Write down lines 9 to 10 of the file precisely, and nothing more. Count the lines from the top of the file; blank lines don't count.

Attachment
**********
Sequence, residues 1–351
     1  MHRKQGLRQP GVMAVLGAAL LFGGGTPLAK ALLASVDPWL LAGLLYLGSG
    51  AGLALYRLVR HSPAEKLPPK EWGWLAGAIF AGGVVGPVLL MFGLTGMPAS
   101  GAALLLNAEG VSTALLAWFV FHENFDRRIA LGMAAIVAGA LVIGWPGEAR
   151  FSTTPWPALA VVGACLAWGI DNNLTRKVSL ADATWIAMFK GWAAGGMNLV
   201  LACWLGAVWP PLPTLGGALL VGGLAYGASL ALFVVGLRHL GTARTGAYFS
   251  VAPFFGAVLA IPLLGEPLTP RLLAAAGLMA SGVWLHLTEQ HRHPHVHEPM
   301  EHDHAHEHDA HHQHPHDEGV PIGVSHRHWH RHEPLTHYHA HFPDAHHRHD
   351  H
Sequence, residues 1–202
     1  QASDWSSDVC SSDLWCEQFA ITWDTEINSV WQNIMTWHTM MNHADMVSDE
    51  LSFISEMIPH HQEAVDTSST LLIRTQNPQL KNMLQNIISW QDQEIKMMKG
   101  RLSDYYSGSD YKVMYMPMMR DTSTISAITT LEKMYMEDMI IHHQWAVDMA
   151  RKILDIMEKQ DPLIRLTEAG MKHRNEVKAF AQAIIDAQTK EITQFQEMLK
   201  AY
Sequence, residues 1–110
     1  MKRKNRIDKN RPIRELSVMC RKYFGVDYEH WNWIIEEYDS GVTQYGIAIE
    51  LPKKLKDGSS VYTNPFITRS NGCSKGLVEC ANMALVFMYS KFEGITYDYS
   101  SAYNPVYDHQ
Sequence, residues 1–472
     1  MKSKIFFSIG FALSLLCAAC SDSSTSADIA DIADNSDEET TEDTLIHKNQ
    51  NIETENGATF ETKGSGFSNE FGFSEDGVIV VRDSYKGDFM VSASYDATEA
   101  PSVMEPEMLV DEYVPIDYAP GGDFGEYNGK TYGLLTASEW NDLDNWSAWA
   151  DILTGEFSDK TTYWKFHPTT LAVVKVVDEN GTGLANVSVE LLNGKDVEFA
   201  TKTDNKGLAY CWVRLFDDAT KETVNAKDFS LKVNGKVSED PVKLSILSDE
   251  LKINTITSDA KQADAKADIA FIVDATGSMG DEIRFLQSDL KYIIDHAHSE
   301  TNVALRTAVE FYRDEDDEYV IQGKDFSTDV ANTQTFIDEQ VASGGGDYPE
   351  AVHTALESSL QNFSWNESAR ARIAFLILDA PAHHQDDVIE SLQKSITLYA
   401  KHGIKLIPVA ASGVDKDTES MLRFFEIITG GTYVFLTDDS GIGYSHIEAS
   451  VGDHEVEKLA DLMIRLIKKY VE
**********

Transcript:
   351  H
Sequence, residues 1–202